This moving and challenging book by Simon Charlesworth deals with the personal consequences of poverty and class and the effects of growing up as part of a poor and stigmatized group. Charlesworth examines these themes by focussing on a particular town - Rotherham - in South Yorkshire, England, and using the personal testimony of disadvantaged people who live there, acquired through recorded interviews and conversations. He applies to these life stories the interpretative tools of philosophy and social theory, drawing in particular on the work of Pierre Bourdieu and Merleau-Ponty, in order to explore the social relations and experiences of a distinct but largely ignored social group. The culture described in this book is not unique to Rotherham and Charlesworth argues that the themes and problems identified in this book will be familiar to economically powerless and politically dispossessed people everywhere.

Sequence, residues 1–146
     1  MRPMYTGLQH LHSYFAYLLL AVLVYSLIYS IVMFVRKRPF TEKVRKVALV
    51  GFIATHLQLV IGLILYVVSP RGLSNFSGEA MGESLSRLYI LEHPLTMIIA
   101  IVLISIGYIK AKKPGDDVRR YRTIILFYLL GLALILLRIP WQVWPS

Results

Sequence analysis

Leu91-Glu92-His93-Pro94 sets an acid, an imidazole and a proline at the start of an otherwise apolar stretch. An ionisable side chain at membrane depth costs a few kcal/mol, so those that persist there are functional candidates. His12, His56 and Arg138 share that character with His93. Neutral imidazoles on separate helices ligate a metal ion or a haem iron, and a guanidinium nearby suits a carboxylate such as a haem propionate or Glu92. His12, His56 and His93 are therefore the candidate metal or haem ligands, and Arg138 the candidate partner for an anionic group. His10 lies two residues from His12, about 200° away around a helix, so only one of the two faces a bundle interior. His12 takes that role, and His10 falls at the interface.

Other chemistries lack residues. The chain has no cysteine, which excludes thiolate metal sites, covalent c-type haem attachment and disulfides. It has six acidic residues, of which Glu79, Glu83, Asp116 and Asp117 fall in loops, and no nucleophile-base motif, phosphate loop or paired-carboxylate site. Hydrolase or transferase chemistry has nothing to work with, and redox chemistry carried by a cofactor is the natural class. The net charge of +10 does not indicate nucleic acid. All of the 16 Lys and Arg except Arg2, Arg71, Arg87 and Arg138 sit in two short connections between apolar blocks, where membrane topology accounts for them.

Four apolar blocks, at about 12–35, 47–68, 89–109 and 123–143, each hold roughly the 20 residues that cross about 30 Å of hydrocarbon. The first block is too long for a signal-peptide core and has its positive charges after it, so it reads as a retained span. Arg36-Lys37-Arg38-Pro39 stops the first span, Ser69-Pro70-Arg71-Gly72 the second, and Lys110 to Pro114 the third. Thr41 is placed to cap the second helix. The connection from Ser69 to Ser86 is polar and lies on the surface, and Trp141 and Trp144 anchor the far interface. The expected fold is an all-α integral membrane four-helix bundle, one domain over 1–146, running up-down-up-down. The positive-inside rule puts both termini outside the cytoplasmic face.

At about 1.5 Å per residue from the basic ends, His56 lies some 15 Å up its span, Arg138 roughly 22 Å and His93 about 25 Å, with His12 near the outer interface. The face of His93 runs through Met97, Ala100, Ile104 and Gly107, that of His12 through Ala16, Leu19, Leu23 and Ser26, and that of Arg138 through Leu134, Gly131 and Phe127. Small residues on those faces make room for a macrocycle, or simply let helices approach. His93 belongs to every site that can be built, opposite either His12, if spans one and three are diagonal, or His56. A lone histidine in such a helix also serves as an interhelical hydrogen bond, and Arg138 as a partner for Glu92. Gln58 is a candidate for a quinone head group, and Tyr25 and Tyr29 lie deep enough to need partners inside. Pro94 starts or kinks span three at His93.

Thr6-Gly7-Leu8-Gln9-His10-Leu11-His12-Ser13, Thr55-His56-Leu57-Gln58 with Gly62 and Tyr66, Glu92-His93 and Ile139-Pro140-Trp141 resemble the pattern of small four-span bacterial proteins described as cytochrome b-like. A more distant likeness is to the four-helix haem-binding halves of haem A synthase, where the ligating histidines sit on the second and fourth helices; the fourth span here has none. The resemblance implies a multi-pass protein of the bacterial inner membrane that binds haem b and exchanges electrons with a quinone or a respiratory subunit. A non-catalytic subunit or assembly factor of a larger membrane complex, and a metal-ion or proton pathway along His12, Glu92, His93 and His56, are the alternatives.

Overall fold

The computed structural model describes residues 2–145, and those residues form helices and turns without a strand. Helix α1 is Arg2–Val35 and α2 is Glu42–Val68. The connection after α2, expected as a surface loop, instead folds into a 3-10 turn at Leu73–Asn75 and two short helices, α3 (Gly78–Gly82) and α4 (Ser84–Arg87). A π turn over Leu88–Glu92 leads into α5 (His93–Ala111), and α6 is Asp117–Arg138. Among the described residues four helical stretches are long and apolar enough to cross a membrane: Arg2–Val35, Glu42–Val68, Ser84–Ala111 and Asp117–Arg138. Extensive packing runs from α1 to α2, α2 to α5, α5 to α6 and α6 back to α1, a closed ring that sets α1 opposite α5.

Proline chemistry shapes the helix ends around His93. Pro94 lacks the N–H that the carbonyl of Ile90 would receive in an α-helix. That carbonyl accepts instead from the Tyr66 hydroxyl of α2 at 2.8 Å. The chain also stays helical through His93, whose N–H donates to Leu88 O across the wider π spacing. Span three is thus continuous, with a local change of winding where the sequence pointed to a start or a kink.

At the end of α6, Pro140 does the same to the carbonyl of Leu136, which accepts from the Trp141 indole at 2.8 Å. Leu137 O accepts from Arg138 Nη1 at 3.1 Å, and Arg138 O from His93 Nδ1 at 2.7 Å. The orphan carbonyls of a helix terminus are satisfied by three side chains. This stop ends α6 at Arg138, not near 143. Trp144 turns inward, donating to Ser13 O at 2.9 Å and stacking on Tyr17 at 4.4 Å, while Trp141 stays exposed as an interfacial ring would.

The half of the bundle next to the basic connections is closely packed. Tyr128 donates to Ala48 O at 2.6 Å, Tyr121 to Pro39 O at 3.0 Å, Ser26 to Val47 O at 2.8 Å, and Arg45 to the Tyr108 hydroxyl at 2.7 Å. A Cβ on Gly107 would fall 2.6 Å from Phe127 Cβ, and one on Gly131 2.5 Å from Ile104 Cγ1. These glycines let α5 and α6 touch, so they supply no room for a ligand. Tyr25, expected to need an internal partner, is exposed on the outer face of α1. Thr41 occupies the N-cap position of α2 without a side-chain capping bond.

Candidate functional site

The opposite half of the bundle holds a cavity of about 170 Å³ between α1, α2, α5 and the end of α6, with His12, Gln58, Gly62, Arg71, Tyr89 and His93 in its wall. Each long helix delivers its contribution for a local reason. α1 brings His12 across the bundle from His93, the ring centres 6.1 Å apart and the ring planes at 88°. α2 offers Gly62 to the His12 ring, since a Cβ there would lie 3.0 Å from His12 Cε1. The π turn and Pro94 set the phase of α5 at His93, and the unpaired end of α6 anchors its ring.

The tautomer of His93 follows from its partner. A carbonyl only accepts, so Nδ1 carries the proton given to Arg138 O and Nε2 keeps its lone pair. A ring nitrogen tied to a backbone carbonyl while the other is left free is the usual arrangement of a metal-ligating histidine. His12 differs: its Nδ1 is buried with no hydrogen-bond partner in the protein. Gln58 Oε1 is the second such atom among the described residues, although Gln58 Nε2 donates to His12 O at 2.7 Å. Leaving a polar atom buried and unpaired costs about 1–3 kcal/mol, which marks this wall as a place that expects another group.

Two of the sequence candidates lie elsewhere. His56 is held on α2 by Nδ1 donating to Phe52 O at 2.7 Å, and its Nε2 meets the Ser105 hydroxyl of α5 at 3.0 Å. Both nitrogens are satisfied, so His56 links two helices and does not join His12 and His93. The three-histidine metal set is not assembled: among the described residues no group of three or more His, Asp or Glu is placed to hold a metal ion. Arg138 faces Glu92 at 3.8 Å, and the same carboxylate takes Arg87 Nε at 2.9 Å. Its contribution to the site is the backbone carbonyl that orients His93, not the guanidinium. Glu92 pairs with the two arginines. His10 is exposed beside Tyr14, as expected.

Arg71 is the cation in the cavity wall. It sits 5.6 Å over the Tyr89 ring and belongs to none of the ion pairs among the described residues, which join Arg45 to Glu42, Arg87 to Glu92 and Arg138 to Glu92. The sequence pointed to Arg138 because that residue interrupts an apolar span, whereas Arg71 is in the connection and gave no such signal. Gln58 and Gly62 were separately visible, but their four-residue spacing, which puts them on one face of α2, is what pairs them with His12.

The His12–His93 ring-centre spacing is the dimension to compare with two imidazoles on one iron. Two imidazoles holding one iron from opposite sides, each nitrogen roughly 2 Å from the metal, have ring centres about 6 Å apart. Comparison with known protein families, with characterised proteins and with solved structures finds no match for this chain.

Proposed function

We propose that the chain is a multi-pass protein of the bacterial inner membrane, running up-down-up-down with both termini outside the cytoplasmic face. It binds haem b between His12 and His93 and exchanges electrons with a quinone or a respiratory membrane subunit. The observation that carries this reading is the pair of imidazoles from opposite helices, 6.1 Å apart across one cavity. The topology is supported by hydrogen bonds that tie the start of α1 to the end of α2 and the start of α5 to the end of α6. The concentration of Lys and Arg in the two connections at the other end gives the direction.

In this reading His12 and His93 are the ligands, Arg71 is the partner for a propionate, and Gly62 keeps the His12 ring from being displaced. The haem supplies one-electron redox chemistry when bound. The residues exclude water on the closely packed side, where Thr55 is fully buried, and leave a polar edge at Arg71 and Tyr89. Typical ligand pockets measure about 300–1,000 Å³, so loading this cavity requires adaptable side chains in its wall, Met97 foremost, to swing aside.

Acknowledgements; 1. Introduction: Dead Man's Town; 2. Introducing some concepts: practice, habitus, ethos, doxa, reflexivity; 3. Class and the objectifying subject: a reflexive sociology of class experience; 4. A landscape with figures?; 5. Understanding the barriers to articulation; 6. Necessity and being working class; 7. The culture of necessity and working class speech; Bibliography; Index.